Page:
ExxonMobil‘s giant oil project in southern Iraq is reportedly on hold.
According to Reuters, a combination of contractual difficulties and security concerns is delaying agreement on the $53-billion Southern Iraq Integrated Project, which includes the construction of a water treatment plant needed to boost oil production. The deal would have seen Exxon get the rights to develope the Nahr Bin Umar and Artawi oilfields.
Last month, Oil Minister Thamer al-Ghadban criticised ExxonMobil‘s decision to temporarily evacuate staff from the West Qurna oil field following an attack in the area.
By Hamdi Malik for Al Monitor. Any opinions expressed here are those of the author and do not necessarily reflect the views of Iraq Business News.
ExxonMobilevacuated dozens of its non-Iraqi employees from Iraq on May 18. The evacuation follows a US State Department decision to withdraw its non-essential staff from the US Embassy in Baghdad and its consulate in Erbil, the capital of Iraqi Kurdistan.
The US oil company relocated its employees to Dubai, where they will continue their work related to the West Qurna-1 oil field in Basra. The company announced May 31 that it will begin returning its employees from June 2 after the Iraqi government promised to increase the security measures in the site.
At its regular meeting in Baghdad on Tuesday, the Iraqi Cabinet received a briefing on negotiations led by Iraq’s Ministry of Oil with ExxonMobil and PetroChina on the Southern Iraq Integrated Project.
In a statement, the government describes the project as “a mega energy and infrastructure scheme consisting of building oil pipelines, storage facilities and a seawater supply project to inject water from the Gulf into reservoirs to increase oil production and Iraq’s export capacity.”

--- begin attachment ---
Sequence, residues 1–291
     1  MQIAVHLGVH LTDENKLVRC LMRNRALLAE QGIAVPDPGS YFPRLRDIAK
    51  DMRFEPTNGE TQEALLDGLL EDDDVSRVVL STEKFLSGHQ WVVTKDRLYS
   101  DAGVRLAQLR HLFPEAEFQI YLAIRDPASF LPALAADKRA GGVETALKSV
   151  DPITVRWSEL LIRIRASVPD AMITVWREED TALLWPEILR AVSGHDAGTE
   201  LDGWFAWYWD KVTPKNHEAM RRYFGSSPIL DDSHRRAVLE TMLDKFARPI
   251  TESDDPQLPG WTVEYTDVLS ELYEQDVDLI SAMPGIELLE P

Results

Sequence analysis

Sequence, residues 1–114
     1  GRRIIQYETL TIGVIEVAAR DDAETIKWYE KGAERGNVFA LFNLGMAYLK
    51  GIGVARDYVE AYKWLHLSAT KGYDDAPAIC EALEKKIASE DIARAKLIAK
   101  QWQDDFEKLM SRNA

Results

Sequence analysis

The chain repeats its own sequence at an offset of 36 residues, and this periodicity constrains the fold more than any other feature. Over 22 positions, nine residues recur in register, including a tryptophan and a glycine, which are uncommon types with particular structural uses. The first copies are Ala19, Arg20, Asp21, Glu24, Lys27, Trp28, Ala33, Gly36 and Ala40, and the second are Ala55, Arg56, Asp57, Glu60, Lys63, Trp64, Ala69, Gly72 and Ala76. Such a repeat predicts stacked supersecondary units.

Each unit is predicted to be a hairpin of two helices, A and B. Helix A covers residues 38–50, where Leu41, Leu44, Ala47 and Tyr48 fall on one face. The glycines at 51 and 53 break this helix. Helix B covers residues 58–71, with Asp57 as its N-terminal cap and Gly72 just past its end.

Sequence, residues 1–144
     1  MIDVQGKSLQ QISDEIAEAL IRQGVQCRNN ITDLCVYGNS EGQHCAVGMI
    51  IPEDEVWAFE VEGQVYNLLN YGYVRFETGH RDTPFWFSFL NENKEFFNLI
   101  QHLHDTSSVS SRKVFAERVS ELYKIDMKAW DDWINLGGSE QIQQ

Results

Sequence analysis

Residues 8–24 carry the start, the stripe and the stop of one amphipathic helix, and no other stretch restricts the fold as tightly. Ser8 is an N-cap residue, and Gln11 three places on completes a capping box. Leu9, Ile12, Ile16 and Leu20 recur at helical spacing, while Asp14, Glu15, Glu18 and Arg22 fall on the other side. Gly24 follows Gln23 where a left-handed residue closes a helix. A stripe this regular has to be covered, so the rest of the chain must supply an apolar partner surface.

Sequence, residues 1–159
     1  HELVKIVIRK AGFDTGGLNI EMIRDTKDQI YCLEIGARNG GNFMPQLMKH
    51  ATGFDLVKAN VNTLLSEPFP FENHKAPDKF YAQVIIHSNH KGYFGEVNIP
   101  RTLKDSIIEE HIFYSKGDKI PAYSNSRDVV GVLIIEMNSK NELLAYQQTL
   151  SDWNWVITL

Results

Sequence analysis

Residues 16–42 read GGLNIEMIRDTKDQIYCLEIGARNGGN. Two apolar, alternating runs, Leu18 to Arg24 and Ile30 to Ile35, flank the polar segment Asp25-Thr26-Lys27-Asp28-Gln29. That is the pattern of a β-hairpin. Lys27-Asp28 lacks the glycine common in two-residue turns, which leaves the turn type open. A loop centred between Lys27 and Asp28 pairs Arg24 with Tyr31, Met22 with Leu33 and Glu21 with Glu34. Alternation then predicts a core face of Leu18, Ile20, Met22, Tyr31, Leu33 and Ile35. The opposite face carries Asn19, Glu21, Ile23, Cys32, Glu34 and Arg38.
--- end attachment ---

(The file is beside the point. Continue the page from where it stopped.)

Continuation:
According to Reuters, Iraq is close to signing the $53-billion, 30-year agreement, from which it expects to make $400 billion over the life of the project.
It quotes the Prime Minister as saying that it will involve increasing production at the Nahr Bin Umar and Artawi oilfields from around 125,000 barrels per day (bpd) now to 500,000 bpd.
Talks between ExxonMobil and Iraq on the multi-billion-dollar Common Seawater Supply Project (CSSP) have reportedly reached an impasse.
According to Reuters, two sides differ on contract terms and costs.
Ian Thom, principal analyst at consultancy Wood Mackenzie, told the news agency:
“The CSSP would be expensive and challenging but there’s opportunity here (for Exxon) … to get access to resources on a very large scale and to achieve something and really make a difference to its own business.”
The Basra Oil Company (BOC) is reportedly preparing to tender for a water injection project in Iraq if talks with ExxonMobiland PetroChina fail.
Reuters quotes the head of the Oil Ministry’s Petroleum Contracts and Licensing Directorate (PCLD), Abdul Mahdi al-Ameedi, as telling reporters at the CWC Iraq Petroleum Conference in Berlin, “we cannot wait for a longer time unless Exxon Mobil accepts the deal for the benefit of the two parties.”
He added that the delay in negotiations was partly related to initial production rates from the Nahr Bin Umar and Artawi oilfields.
(Source: Reuters )